[Article updated on 19/09/2023]
A question commonly comes up in debates: is the cucumber a fruit or a vegetable? For many, this question has already been answered because the answer is obvious. However, wait a moment! Don’t rush to respond before reading this article, because sometimes things are not as they are painted. In this article, I will set out to settle this debate as old as time.
Before reading on
I’m not an expert in this field, but I am passionate about nutrition and health.
The articles you’ll find on my site are the result of in-depth research that I’d like to share with you. However, I would like to stress that I am not a health professional and that my advice should in no way replace that of a qualified physician. I’m here to guide you, but it’s important that you consult a professional for specific questions or medical concerns. Your well-being is important. So be sure to consult the appropriate experts and take the best possible care of yourself.
What is cucumber?
Cucumber is a type of edible plant that belongs to the Cucurbitaceae family. Its scientific name is Cucumis sativus. It is widely cultivated and is a nutritious addition to any diet. Cucumbers are native to various parts of Southeast Asia, but are currently grown throughout the world.
Cucumber has a high water percentage and low carbohydrate content. The low calorie content of cucumber (12 calories per 100 grams) makes it one of the best allies for weight loss diets. It contains fiber and small amounts of vitamin C, provitamin A and vitamin E, as well as B vitamins in a smaller proportion.
Aristotle, the Athenian philosopher, attributed aphrodisiac properties to it, and the last queen of ancient Egypt, Cleopatra, used cucumber as a beauty treatment. This fruit is not only intended for the preparation of salads, it is also used in the preparation of creams, soups, sauces, pickles, stews and juices. In addition, it can accompany stuffed breads, stews, gazpachos, pizzas and salad dressings.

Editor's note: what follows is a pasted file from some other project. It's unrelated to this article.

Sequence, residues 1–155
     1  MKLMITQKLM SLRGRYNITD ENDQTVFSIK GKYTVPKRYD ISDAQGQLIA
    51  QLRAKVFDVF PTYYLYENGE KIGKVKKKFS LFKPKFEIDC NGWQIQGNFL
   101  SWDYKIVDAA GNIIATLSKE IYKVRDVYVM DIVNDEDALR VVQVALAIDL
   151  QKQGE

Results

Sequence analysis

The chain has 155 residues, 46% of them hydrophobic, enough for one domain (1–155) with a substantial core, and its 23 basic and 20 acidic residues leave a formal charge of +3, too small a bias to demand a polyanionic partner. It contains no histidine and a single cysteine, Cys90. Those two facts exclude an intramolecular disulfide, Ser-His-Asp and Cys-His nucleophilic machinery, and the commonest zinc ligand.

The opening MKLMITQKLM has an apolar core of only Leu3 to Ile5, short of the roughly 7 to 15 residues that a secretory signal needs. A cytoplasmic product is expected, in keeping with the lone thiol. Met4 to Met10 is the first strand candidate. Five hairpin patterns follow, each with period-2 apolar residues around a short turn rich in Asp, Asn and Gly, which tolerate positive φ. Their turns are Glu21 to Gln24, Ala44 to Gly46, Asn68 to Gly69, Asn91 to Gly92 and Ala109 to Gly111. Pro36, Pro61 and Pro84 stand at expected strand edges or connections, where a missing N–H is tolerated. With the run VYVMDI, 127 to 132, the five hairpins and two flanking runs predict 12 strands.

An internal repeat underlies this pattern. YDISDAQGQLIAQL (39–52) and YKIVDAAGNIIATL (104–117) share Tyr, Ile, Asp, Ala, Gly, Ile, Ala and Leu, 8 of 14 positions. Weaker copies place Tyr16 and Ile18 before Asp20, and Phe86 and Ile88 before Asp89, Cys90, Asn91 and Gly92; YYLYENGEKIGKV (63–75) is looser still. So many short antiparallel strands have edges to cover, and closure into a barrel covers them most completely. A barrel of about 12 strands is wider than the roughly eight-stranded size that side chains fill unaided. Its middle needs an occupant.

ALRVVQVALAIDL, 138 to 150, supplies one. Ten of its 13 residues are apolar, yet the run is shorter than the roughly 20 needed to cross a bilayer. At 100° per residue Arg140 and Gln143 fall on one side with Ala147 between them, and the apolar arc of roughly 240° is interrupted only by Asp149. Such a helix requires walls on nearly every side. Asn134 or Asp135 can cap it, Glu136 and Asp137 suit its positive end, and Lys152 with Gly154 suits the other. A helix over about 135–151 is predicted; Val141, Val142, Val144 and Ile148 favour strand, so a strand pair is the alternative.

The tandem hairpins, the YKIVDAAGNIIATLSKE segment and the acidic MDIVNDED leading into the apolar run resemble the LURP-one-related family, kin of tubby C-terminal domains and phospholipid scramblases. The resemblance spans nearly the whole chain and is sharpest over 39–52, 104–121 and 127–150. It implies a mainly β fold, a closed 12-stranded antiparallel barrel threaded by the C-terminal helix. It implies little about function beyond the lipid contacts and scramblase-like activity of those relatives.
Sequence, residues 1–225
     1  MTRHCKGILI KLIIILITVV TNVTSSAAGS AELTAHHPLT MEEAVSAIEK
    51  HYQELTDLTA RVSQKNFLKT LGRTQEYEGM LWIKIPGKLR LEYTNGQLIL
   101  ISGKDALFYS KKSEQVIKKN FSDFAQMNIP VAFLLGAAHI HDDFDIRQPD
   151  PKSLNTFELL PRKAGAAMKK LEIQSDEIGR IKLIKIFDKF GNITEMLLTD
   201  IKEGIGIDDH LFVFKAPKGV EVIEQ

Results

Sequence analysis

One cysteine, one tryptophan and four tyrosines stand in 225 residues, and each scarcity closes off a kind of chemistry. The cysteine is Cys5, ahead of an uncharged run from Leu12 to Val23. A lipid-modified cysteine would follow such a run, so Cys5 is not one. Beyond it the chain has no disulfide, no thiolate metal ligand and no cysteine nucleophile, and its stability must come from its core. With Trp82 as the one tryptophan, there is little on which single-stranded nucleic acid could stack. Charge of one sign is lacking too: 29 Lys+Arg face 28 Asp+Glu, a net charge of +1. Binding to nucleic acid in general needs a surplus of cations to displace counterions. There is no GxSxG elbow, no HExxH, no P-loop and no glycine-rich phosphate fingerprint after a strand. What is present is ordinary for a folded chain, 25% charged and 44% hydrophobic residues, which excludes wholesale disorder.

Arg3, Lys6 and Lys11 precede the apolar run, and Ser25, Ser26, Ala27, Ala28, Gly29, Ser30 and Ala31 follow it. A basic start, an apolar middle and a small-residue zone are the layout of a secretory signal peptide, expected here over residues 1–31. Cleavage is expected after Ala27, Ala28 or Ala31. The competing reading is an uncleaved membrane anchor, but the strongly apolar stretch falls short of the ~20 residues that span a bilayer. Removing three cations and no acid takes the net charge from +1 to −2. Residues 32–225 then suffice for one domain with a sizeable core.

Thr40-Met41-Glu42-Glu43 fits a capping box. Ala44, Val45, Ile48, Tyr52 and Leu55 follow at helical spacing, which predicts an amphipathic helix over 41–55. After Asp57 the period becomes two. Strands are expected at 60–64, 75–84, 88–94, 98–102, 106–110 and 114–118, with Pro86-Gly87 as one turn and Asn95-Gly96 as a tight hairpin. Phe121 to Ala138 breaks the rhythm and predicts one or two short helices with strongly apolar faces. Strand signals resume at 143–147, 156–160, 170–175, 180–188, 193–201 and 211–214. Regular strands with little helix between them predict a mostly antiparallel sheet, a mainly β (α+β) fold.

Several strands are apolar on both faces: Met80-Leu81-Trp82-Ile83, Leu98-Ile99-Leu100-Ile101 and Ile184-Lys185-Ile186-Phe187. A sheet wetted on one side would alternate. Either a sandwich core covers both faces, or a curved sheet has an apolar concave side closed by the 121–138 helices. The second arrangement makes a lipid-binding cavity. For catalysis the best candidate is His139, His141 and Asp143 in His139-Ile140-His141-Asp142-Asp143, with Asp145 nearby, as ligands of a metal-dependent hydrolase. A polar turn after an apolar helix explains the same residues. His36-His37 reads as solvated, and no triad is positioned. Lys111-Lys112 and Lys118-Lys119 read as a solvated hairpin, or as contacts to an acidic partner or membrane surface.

What are the differences between fruits and vegetables?
There are many myths surrounding fruits and vegetables, but perhaps one of the most curious is the confusion between them. These confusions arise from beliefs, historical facts or even uses.
In the scientific field of botany, there are differences between fruits and vegetables, since both have very specific characteristics. Of course, once you know what it is, it’ll be a little harder to confuse you, at least in most cases.
Fruits and vegetables are different parts of a plant. Fruits develop from the ovaries of the plant. they contain seeds, have an envelope and have a pulp. On the other hand, vegetables concern the rest of the plant (seeds, tubers, roots, stems, leaves, bulbs and flowers). There are some exceptions to these rules, which I will delve into another time.
Is cucumber a fruit or a vegetable?
Although many people think of cucumbers as vegetables, the scientific definition states that they are fruits. This distinction is based primarily on the biological function of the cucumber itself.
In botany (the science that studies plants), fruits allow a flowering plant to reproduce. A fruit is formed from the ovary that exists inside the flower and houses the seeds that will eventually grow into new plants.
Cucumbers grow from flowers and contain dozens of seeds that can be used to grow future generations of cucumber plants. This basic function is what makes them fruits and not vegetables, according to science.
From a culinary or gastronomic point of view
However, in the culinary sense, cucumbers are vegetables. Much of the confusion surrounding the classification of different fruits and vegetables comes from culinary use. The culinary definition of a fruit or vegetable is generally based on the flavor profile, texture, and applications in a particular dish.
The fruits tend to be very sweet, sour or sour, and often have a softer, delicate texture. They are more likely to be used in dishes such as desserts, cakes, syrups, sauces and smoothies that require such flavors and textures.
On the other hand, vegetables generally have a tougher texture and generally have more bitter elements in their flavor profile. They are generally more suitable for savory dishes such as main courses, soups and salads.
In terms of taste, cucumbers fall somewhere in the middle, although they are much more likely to be used as vegetables. The crunchy texture, sweet taste of the interior pulp and slightly bitter taste of the skin lends itself well to a wide variety of tasty recipes.
As we see, the answer to the question of whether cucumber is a vegetable or a fruit depends on who you ask. If you ask a botanist, he will tell you that the cucumber is a fruit, while a cook will swear to you that it is a vegetable.